I’ve often heard that the rate of divorce in the US is about 50%, but I’ve discovered that statistics are hard to pin down. Some say the rate of divorce has dropped in the last decade and that as high as 70% of marriages make it to their 15th year. While that’s good, what about the 30% who don’t? And is it possible that the divorce rate is going down because many couples simply live together without marrying?
What does the Bible say about divorce? Is it allowable to divorce because we’re not happy or no longer in love? Is it OK if we’re unequally yoked? Are there even any biblical grounds for divorce?
Ezra 9 & 10
Biblical Grounds for Divorce
Marriage and Divorce when Unequally Yoked
59 years had passed since the completion of the temple under the leadership of Zerubbabel. In these passages, the second group of former captives have returned led by Ezra. He has learned that the Jews who were already there, including many of the leaders, have taken pagan wives. This was strictly forbidden by the Law, had repeatedly led the people into idolatry, and had caused the nation to be taken into captivity. Yet, they had gone back to the same practices!
John MacArthur points out in his Daily Bible notes that even though there was a decision made that these wives as a whole were to be “put away”—that is divorced—each marriage was examined individually, probably to learn whether the wives had become believers. He also notes that other gentile women like Ruth and Rahab who had embraced faith in God were accepted and even included in the lineage of Christ.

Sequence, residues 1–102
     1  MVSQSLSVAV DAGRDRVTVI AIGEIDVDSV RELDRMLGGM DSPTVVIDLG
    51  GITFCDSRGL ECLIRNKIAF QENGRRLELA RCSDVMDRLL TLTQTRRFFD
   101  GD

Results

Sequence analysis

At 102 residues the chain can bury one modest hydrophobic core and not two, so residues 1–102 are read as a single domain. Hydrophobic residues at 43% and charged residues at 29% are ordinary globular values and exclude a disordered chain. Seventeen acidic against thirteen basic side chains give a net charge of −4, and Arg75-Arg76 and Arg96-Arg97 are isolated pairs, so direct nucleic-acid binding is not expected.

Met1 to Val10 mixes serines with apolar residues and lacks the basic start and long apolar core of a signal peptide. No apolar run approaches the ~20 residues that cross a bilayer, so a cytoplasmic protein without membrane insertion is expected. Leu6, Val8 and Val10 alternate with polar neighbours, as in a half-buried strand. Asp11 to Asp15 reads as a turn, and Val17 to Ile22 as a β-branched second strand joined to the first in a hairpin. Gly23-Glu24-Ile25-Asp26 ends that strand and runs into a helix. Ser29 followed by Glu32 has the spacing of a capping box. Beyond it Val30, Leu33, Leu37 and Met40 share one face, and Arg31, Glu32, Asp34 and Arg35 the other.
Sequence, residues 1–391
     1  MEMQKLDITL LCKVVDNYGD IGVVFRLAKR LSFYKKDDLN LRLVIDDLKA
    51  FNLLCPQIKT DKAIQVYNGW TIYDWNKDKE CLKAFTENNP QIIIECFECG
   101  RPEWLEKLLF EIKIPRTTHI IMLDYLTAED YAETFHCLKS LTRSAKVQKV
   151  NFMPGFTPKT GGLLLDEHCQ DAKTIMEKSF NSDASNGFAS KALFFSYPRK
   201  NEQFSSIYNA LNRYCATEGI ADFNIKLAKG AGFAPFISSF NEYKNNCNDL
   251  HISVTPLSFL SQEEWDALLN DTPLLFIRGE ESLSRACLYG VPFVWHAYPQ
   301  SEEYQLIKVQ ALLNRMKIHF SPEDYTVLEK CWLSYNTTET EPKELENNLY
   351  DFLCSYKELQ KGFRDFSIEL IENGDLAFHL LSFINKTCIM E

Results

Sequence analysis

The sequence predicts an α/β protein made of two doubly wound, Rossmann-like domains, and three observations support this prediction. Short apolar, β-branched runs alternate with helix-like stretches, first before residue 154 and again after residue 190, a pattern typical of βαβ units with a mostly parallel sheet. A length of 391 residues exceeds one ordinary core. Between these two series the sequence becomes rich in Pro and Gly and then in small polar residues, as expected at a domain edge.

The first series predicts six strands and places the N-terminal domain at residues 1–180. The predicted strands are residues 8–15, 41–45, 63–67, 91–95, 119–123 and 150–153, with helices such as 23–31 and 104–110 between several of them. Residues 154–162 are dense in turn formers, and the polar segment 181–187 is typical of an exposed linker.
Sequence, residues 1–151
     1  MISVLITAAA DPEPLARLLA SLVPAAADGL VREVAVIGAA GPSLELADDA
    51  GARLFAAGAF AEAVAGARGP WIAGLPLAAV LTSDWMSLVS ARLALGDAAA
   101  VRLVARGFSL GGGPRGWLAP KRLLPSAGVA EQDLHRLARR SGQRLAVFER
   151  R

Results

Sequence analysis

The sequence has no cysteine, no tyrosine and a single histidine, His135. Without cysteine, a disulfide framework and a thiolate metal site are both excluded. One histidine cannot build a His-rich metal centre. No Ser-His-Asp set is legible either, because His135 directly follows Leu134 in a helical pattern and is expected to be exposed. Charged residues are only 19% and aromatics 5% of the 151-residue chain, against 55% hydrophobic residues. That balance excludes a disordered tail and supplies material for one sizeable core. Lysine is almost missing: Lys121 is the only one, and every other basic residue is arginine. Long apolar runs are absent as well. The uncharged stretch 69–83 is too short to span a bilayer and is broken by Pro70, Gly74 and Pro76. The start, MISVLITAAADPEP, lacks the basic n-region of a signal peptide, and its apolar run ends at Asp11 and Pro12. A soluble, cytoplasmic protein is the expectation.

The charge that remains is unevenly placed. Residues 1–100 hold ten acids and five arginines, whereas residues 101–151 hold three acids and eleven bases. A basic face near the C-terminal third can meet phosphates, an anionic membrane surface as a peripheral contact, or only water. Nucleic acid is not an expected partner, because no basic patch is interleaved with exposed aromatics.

So what about today? Can we divorce an unbelieving spouse? Matthew Henry in his commentary says, “As to being unequally yoked with unbelievers, such marriages, it is certain, are sinful, and ought not to be made; but now they are not null, as they were before the gospel did away the separation between Jews and Gentiles.”
2 Corinthians 6.14 says:
14 Do not be unequally yoked together with unbelievers. For what fellowship has righteousness with lawlessness? And what communion has light with darkness?
So while it is wrong for a Christian to marry a non-Christian, if a believer is already married to a non-believer, divorce is not an option in most circumstances.